It seems that nobody likes passwords. Workers don’t like picking them. Companies don’t like constantly trying to secure them. Security folks don’t like defending them. But the reality is that passwords are absolutely key to your organization’s cybersecurity.
Increased security for your organization doesn’t always have to involve extensive vulnerability testing or expensive process changes. For many organizations, simple password regulations can help you prevent data breaches and increase your organization’s security without a lot of time, money, or hassle. Applying better password processes can be the starting point for increased security in your organization.
There are many things you can do to ensure your workers use best password practices, but these five habits can help you ensure your entire company is on the same page as far as healthy habits for passwords go.
Stop ending your passwords with the number one. The number one is commonly used as the ending to passwords, making a password easier to guess or manipulate. Choose a different number for your password ending to help change up the intricacy. And just hitting the shift key and getting an exclamation point isn’t any better!
Stop using leet in your passwords. Leet also known as eleet or leetspeak is a system of modified spellings of dictionary words primarily used on the internet. That means it’s not as private or secret as you think. Leet is replacing letters with numbers or symbols to make it seemingly more difficult. But using numbers and symbols is the same level of complexity as using letters if you’re spelling a word. Instead of replacing letters with numbers or signs, do a random string of numbers or letters. S3cr3t and s@fe just aren’t solid password options anymore. This practice was tired in the 2000s, it’s even more so now.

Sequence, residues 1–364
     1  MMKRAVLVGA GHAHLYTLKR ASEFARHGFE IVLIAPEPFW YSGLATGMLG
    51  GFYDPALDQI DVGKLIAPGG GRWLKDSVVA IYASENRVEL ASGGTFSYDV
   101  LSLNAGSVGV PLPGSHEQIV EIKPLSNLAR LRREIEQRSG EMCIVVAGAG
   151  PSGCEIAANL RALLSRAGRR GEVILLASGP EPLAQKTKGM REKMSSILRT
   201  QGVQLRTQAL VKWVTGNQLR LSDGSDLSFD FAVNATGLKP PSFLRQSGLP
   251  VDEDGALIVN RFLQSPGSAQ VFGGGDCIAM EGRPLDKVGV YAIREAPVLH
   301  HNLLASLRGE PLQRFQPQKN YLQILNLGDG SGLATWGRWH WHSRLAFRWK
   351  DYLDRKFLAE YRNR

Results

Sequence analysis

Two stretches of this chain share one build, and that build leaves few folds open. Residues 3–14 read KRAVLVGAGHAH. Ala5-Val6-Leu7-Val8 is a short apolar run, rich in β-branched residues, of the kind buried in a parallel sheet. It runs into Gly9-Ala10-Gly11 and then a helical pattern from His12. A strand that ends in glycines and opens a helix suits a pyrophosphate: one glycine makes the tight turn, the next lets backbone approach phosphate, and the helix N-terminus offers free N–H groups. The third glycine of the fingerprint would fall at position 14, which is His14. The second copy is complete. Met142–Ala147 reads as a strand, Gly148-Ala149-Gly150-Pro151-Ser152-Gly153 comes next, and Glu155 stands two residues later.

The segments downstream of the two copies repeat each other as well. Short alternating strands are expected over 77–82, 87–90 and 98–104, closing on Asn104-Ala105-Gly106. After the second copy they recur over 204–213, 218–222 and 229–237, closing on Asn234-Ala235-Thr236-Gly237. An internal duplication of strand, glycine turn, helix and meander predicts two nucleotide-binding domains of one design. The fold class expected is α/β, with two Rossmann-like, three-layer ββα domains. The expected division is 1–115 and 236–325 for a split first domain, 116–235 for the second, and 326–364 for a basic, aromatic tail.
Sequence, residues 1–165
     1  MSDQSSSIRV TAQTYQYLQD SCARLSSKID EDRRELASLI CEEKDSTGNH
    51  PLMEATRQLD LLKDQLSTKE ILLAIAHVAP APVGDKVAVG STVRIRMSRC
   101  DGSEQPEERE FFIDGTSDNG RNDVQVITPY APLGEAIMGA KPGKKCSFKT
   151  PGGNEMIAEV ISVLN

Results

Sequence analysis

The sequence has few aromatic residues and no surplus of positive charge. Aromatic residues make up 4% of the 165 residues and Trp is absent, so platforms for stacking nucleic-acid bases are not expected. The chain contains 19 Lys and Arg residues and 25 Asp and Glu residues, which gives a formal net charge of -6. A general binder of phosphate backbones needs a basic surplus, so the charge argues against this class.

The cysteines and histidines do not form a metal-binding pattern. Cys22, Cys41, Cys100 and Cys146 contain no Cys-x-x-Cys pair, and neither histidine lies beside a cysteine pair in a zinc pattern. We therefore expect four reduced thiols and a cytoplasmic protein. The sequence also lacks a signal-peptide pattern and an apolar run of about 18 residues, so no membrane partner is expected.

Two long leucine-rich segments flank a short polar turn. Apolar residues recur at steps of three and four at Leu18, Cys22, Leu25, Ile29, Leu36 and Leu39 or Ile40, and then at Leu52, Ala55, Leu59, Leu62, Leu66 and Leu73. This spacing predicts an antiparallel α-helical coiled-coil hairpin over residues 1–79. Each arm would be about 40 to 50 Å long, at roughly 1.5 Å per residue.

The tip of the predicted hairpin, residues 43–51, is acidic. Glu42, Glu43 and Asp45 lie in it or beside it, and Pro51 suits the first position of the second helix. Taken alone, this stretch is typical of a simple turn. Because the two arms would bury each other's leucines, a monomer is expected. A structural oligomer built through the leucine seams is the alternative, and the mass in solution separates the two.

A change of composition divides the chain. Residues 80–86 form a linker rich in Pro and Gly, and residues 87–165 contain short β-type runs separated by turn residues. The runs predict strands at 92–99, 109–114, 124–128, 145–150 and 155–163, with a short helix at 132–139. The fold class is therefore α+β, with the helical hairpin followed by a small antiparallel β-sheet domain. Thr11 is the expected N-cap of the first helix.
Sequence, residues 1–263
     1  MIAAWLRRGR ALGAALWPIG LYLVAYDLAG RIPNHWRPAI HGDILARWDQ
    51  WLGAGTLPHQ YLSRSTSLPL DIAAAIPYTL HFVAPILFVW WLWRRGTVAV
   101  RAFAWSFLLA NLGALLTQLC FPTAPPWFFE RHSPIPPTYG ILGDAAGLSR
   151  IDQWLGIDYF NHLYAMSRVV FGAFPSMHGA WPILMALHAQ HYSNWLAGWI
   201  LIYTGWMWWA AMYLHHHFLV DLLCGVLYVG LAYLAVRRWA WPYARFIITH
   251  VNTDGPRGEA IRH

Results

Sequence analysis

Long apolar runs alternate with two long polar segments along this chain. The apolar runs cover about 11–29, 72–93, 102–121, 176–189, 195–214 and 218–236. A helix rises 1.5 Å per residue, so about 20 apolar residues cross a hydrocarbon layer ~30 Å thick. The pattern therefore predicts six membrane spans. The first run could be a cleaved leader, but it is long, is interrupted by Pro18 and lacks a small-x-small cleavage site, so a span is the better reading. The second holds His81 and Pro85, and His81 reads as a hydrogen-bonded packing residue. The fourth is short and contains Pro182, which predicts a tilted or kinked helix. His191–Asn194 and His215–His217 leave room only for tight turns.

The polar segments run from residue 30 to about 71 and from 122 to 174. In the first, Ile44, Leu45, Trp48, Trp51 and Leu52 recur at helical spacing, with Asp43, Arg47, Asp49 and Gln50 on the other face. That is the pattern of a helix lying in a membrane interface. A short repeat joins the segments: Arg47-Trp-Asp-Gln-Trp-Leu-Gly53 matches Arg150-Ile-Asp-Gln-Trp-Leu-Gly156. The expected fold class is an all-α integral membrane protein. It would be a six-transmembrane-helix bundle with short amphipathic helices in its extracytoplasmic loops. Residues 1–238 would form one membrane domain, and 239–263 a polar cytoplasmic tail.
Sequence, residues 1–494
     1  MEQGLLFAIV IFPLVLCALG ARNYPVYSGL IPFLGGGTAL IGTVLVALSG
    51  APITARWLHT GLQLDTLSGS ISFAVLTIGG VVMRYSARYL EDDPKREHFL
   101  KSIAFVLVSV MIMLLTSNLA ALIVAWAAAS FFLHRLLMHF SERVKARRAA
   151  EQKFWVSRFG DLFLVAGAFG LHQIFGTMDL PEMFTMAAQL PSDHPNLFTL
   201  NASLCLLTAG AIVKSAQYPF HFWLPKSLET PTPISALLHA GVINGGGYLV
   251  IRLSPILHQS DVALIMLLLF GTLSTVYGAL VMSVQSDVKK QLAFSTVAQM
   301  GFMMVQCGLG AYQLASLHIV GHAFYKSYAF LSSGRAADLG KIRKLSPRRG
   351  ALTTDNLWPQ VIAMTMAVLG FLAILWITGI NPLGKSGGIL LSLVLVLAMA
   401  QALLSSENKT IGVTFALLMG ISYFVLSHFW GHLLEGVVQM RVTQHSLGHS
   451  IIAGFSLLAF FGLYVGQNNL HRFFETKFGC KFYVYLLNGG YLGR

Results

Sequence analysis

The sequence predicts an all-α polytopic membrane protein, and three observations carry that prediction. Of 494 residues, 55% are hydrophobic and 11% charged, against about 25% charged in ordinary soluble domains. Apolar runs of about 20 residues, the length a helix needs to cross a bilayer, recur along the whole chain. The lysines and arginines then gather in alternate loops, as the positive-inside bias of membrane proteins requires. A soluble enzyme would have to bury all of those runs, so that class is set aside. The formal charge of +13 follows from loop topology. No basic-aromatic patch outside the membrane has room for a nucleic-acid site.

Stop using keyboard patterns. This includes that age-old standby – qwerty – along with all the new classics, like 1qaz2wsc and 1z=/bn. Why shouldn’t you be using patterns? There’s this little idea going around called the infinite monkey theorem. This suggests that computers can guess patterns better than we understand. And humans are also inclined to be able to guess and understand patterns, so relying on them for a password isn’t a great idea.
Stop broadcasting every facet of your life online. Especially if you use that data in your password. Confused? Let’s use a great example. Employees love, love, love using their spouse’s names and marriage year for their passwords. They absolutely love it. That being said, what do almost all employees have in common besides this? Their bios are online. Generally, based on this, it’s not too difficult to confirm or track down marriage dates and spousal names if not already listed. So it’s time to ask yourself this – is your current password made up of any combination of work, school, family, or hobbies/activities you like to do? If not, great. If it does contain one or more of those categories – how prevalent is your online profile, and does it contain any of this information? What about your spouse and your children? If you’re going to put information about yourself out there for people to see, you want to avoid using that in your passwords in any way. The best practice is to keep personal information off of the internet as much as you can.
Stop choosing six-character passwords. We’ve just gotten to the point computationally where six-character passwords are an absolute joke and offer almost no security. There’s nothing clever, cute, or sophisticated in gaming the system by using a six-character password. Employers and workers alike should expect longer passwords to increase their personal and organizational security. The same goes for the application of faulty logic. A password of !1q!1q is not a wonderful password, even if it does satisfy your company’s password complexity rules. Employers should make password requirements longer and more detailed in order to ensure the organization is secure, and you as an employee should make sure your password is longer and more detailed even if your employer doesn’t require it.
There’s absolutely nothing in or to the above that is going to prevent data breaches or guarantee you or your employee won’t get hacked or compromised. But following healthier password practices are key in helping you cut down on cyber threats and data breaches. It can also save you time on a penetration test, as password security will be an important measure for your security posture. Implement meaningful regulations and requirements for your passwords in order to keep your organization as secure as possible.